The #MeToo movement has dominated news cycle after news cycle since last October, as men, and some women, from all walks of life have been accused of sexual misconduct. This has most famously been through allegations against figures such as Harvey Weinstein, almost-Senator Judge Roy Moore, actual-Senator Al Franken, New York Attorney General Eric Schneiderman, and now, Supreme Court nominee Judge Brett Kavanaugh. They are accused of a wide range of acts that have forced us to consider not just how we deal with the abuse of power dynamics with sex, but what that abuse should be constituted as. This more complicated, more nuanced question forces us to deal with a topic that is present not just in gender issues, but in all of society’s most contentious and most controversial topics: discomfort.
Discomfort is not as often in the headlines. Discomfort is #TimesUp to disgust’s #MeToo. It is far more pervasive, though, because it is what happens at the societal tipping point, when a practice has been challenged or proposed, and communities are then, as a whole, forced to make a judgement on it. Discomfort is when the introduction of a company policy against sexual harassment makes you wonder whether or not it is okay to make lewd jokes or statements about a female coworker. Discomfort is when a system-wide ban on manspreading makes you question if the way that you’ve been sitting on the train, bus or plane for your entire life is still acceptable. Discomfort is when an anchorman wears the same suit for a year to demonstrate the sexist way that we perceive women’s clothing choices, and you consider the fact that you’ve never had to give a second thought to what you wear. Discomfort is when studies reveal the effects of gender bias in hiring practices, and you’re forced to think about how the company you work for recruits far more men than women. Discomfort is when somebody shows you that these things were all in the headlines, but that you just didn’t notice them.
And discomfort isn’t just what men feel when women point out the structural inequalities perpetuated by gender norms. Discomfort is when a woman is decried as racist for calling the cops on black people holding a barbeque, when airport security as an entity is labeled racist for always stopping the Muslim family, when a presidential candidate is denounced as racist for saying that Mexicans are dangerous, and you realize that you are more nervous when you’re in neighborhoods with black people, that it makes you uneasy when somebody who fits your stereotypical image of Muslim gets on a plane or that hearing Spanish spoken nearby makes you uncomfortable. Discomfort is when requirements to receive welfare are portrayed as an unfair burden, and you reflect on how you just want to make sure that people aren’t abusing the system. Discomfort is when anybody who questions gay marriage is called homophobic, and you think about how just seeing a man kiss another man makes you uncomfortable. Discomfort is when somebody tells you that transgender issues are just gender issues, and you realize that you had always thought of it as its own separate issue because it’s just “different” for some reason.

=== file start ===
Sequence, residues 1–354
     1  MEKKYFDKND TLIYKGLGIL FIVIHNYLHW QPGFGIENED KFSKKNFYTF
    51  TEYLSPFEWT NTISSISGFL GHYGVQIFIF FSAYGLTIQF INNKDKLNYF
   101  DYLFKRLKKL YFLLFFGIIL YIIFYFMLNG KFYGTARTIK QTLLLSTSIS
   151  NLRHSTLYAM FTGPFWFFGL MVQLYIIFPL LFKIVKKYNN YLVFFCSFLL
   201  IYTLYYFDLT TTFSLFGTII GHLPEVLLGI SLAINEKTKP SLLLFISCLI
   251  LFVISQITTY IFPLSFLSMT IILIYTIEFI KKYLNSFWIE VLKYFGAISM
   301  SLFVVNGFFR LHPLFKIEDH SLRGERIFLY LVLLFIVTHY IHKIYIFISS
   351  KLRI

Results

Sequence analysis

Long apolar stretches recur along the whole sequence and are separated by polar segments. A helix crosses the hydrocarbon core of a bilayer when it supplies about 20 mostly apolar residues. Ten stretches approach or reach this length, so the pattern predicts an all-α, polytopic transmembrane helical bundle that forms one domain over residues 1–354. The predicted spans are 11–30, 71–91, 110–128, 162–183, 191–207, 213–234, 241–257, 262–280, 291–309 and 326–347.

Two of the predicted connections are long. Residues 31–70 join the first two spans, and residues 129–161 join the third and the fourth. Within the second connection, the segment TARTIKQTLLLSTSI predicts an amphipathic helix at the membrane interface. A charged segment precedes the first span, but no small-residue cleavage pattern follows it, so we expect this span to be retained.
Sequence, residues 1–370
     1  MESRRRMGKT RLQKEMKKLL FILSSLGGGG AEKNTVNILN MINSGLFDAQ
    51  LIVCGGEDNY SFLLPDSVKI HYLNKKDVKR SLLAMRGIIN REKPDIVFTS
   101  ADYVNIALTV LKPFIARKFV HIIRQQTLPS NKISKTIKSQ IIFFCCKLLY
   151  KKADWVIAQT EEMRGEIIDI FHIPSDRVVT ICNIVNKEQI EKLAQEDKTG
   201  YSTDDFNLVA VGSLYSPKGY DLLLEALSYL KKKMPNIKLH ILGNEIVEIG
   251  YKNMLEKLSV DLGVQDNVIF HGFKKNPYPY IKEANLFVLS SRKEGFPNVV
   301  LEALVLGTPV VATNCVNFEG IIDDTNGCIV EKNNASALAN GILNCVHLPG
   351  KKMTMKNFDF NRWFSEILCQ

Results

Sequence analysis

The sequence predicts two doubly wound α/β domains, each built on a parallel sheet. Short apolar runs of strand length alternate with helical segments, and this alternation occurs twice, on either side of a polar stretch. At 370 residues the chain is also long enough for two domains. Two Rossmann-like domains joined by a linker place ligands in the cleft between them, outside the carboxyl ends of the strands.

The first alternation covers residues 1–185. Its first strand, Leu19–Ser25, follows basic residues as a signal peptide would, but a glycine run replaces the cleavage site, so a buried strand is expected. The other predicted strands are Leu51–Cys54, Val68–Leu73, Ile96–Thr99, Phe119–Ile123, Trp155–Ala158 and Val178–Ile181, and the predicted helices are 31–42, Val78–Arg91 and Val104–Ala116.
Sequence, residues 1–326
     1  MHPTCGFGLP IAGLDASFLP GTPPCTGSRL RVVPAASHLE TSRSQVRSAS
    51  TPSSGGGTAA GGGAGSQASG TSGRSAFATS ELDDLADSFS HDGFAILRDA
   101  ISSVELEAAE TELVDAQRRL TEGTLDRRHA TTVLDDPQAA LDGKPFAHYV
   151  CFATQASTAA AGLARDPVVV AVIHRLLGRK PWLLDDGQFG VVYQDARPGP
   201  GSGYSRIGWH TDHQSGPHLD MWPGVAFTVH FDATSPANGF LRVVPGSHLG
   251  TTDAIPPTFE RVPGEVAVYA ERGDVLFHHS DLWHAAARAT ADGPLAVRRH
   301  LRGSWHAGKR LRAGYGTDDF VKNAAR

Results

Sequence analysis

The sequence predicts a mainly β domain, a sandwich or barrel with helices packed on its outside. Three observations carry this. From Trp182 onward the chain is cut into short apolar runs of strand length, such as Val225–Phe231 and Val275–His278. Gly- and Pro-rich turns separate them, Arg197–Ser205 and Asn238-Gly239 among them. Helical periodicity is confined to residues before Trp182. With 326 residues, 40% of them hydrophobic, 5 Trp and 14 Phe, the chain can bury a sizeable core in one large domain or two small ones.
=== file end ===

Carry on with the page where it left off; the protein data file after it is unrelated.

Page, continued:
It can be appealing to avoid discomfort, if for no other reason that there are justifications which offer not just a way to be inactive, but also a way to absolve oneself of responsibility for the disadvantages of others. And yet, in juxtaposition to these justifications are even more compelling reasons for why societal discomfort is not only worth it, but is something that should be sought after.
The more pragmatic of these is that this discomfort ends with more people being able to contribute to society. When society isn’t discriminating against you, this is easier for some reason, and it is impossible to know not only how much creation was lost, but also how much could be created if societal inequalities became societal equalities. And if discomfort is the price to pay, it is worth it.
More importantly, though, momentary marginalization is nothing compared to the historical kind. This is not to say that the discomfort from any marginalization is illegitimate. Instead it is to say that being told not to treat people as socially or morally deviant anymore is trivial compared to the psychological burden of having society cast you as morally or socially deviant simply for being who you are. It is saying that not expressing your fears of black people, Muslims or Latinos is trivial compared to actually having those fears be about you. It is saying that not questioning somebody’s right to love who they love is trivial compared to actually having your right to love someone be up for debate in the first place. It is saying that not voicing your concern about somebody using a certain restroom is trivial compared to having your bathroom usage be a concern at all. It is saying that being criticized for having certain viewpoints that you were raised to have is trivial compared to having had those viewpoints be about you. Furthermore, it is saying that although ignorance on these issues may be bliss, it is not absolution; whether or not you realize that a group is historically disenfranchised, whether or not you were raised to think that was okay, standing idly by keeps them disenfranchised.
Discomfort is not an easy feeling to deal with; it requires opening oneself up to criticism from groups of people who will be more than ready to criticize you for not being willing to be criticized sooner. And yet the point of discomfort is where we decide who we are as a society, and how we deal with our past digressions. For too long we have deferred on those decisions and demurred on corrections to those digressions. For our own sake, it’s time to act, because the discomfort has always been worth it.